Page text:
First, to be honest, I'm dubious about the effectiveness of character reference letters that are submitted without a sentencing brief. Sentencing briefs can be very effective. The accused has the right, at sentencing, to present a sentencing brief outlining the arguments why they should be sentenced leniently. When I prepare these I present the various character references as exhibits to back up factual allegations in the brief. And that's what I'm looking for, facts about the accursed behavior, not opinions on character.

Exactly what facts I'm looking for are going to depends on the crimes the accused is being held account for. For example, if the person has been accused of an assault I'm going to want to show that the person has been in stressful situations and not resorted to violence. This can include sports, work, or local politics. Things that will reinforce the idea that the assault was a one time event.

And I'm going to want lots of letters so that the judge can feel more assured you're not cherry picking (although, of course you are).

Finally, I'm going to want to know about the person who's writing the letter. You don't want five people with drug possession charges writing the letters for a person accused of trafficking.

Lastly, don't be surprised if your friend's lawyer wants to be paid extra for doing this. My retainer agreements deal with actions up to trial and that's it. If the person wants extra work done after the trail there will be additional expenses. That being said, briefs like this are, relatively speaking, fairly inexpensive. A lot will depend on the number of people the lawyer needs to interview in determining who can provide effective facts and who is a credible source.

All lawyers have different tactics on this: a fair number just submit on the brief. But, personally, I try to talk to the judge in chambers. This (1) let's me reiterate my case, and as any advertizer will tell you, repetition is good and (2) let's the judge yell at me.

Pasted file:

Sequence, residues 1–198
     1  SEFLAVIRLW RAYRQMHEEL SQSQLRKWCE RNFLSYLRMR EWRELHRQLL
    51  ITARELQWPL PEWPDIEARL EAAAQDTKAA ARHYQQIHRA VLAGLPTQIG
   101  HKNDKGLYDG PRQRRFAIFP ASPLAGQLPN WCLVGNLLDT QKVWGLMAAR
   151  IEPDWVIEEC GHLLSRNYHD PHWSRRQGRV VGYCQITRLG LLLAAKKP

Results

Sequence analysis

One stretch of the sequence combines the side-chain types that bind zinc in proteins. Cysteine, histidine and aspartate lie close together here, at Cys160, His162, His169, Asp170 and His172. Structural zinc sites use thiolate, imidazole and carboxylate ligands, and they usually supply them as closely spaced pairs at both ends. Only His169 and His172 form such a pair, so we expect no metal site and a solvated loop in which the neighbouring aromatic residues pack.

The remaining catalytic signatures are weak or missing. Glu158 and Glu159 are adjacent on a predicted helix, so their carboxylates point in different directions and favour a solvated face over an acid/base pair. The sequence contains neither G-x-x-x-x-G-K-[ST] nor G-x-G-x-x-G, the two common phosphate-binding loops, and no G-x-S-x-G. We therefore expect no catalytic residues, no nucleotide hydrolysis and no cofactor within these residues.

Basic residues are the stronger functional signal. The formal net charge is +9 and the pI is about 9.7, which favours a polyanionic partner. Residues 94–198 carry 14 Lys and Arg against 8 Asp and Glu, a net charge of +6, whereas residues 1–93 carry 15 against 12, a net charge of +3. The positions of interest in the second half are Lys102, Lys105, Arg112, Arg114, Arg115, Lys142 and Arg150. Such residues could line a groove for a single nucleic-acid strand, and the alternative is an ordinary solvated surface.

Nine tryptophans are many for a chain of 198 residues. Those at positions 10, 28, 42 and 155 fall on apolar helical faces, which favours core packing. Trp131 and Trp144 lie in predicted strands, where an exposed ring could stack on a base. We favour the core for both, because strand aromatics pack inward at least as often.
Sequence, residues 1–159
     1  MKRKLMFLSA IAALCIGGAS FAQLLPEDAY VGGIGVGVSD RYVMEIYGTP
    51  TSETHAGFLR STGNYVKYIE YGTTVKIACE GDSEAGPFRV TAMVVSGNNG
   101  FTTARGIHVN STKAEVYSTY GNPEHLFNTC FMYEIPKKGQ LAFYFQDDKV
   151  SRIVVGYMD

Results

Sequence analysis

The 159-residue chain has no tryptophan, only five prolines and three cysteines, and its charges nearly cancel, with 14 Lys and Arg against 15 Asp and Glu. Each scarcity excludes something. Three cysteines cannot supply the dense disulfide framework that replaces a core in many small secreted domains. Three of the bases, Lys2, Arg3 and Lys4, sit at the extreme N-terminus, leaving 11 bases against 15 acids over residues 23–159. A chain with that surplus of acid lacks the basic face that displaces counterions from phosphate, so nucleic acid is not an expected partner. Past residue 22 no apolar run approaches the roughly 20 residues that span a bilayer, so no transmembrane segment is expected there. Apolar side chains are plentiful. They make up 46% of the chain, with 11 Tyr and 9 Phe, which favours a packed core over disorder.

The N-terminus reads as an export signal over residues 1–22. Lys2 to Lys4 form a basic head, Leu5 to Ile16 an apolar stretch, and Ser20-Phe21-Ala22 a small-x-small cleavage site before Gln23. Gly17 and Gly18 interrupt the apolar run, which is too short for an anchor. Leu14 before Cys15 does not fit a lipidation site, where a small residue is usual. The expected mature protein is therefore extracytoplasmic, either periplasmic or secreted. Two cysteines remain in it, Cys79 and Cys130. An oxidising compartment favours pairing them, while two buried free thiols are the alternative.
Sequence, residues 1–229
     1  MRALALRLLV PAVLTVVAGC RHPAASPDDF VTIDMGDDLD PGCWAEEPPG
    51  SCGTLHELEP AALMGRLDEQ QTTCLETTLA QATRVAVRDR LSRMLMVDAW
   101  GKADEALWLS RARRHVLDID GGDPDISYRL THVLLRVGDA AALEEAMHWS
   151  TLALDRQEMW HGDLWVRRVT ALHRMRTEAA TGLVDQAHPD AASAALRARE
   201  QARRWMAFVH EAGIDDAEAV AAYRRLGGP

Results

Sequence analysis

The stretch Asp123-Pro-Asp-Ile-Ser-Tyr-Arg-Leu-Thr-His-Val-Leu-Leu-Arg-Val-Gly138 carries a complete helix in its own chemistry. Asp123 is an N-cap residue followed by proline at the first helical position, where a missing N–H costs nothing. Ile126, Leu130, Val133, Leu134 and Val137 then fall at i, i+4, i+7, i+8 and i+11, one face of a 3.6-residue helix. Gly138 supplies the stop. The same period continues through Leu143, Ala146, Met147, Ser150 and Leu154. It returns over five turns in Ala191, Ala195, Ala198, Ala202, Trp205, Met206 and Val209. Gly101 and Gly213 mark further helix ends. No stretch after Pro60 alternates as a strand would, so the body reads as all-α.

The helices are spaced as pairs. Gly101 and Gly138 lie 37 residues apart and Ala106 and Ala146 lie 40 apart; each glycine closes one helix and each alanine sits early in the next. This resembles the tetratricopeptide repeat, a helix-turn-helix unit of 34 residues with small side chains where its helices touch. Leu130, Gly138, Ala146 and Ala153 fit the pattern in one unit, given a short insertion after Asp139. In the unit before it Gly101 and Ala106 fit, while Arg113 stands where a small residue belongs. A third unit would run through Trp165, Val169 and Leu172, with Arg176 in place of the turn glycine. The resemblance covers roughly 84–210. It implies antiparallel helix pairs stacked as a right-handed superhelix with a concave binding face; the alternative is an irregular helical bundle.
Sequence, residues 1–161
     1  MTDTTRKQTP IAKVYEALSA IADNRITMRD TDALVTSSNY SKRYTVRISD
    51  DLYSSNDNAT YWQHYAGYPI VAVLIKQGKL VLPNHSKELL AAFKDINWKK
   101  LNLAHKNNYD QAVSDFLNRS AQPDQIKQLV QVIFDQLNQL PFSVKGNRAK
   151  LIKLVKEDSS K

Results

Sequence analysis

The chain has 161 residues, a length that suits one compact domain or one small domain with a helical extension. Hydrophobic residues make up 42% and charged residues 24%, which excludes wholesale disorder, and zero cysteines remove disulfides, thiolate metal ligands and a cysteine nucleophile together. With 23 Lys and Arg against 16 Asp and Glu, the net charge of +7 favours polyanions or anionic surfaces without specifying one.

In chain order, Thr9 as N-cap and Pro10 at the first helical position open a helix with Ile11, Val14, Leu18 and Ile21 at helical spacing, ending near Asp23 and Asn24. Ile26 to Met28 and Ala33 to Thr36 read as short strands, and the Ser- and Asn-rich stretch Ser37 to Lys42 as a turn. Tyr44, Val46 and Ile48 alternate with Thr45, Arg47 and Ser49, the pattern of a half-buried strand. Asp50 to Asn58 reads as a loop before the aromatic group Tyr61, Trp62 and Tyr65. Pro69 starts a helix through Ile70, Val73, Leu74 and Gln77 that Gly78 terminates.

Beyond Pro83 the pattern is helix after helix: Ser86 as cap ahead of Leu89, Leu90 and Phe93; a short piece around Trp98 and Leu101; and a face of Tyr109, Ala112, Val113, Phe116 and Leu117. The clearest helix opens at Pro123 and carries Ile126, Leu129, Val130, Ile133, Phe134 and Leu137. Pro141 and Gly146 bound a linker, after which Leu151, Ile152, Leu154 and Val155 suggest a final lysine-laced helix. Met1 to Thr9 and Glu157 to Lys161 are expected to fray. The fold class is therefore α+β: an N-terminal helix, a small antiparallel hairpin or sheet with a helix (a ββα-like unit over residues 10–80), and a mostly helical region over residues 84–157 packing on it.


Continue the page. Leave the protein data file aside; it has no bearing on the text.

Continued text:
I personally think number two is more important. Judges are people and, exposed to hundreds of nearly senseless crimes and acts of bad judgment on a daily basis can get really fed up. You'll rarely see a judge act angry on the stand. They're well trained not to. But they will get angry, and I don't want them angry when they're sentencing. I can't tell you how many times I've had a judge lash into me with the problems of my argument, provide me with a list of reasons why they're not going to grant any leniency, and the stupidity of my client. They have sent me out of their room figuratively bloodied dozens of times and promised that they're going to sentence my client to the maximum extent allowed by law.

Then I'll go out into the court, tell my client just what the judge has told me, and watch them go ashen. They look terrified and scared. Then the judge will, as often as not, change their mind and sentence my client lightly. I think it's because they've released their anger and had their say in a way that they can't in open court. Now that they've achieved some catharsis that's not allowed them on the bench, they have also seen the terror their putative sentence has already inflicted as I advise my client of their decision. In other words, they've seen some of the punishment they believe they need to inflict.

This having been done, I think they're able to reflect and have now have mercy.
posted by bswinburn at 11:11 AM on September 10, 2012 [23 favorites]